Andy Aledort: Mixolydian-Based Melodies & Chords...



These videos and audio files are bonus content related to the November 2014 issue of Guitar World. For the full range of interviews, features, tabs and more, pick up the new issue on newsstands now or at the Guitar World Online Store.

In the last few columns, we looked at ways to build chord shapes, or “grips,” from the Dorian and Aeolian modes (Aeolian is also known as the natural minor scale), which are two of the most widely used minor modes for soloing in rock, blues, and jazz.





Last month, we turned our attention to the equally popular and useful Mixolydian mode, which is intervallically spelled 1(root), 2, 3, 4, 5, 6, b7.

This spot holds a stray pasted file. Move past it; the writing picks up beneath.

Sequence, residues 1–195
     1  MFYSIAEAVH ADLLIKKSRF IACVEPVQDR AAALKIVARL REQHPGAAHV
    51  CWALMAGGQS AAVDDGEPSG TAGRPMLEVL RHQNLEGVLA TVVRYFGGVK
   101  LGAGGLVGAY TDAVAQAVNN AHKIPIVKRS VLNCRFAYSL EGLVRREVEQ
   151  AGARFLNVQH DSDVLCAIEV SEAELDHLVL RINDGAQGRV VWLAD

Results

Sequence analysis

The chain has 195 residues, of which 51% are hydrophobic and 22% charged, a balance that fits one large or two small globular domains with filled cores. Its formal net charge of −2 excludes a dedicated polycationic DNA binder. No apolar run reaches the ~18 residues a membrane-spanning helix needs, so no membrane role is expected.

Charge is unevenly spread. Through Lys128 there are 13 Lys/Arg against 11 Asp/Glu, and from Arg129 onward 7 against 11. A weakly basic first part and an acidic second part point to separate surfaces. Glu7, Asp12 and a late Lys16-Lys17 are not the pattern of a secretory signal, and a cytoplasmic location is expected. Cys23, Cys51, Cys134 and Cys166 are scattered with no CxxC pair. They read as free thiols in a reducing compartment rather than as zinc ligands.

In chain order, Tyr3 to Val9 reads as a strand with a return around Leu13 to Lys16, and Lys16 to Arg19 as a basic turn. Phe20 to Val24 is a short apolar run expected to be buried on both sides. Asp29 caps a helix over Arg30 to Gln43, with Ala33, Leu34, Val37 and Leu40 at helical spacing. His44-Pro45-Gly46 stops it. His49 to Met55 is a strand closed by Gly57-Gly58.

This is the mode that includes the dominant-seven chord tones 1, 3, 5 and b7 and gives us chords like E7, A7 and D7, as well as chords that include “upper-structure tension tones,” or “tensions,” namely the ninth, 11th and 13th.

I encourage all guitarists to attain as complete an understanding of the Mixolydian mode as possible, as this will help in broadening one’s understanding of music theory and the fretboard, as well as reap countless options that can be applied to both soloing and rhythm guitar playing. 



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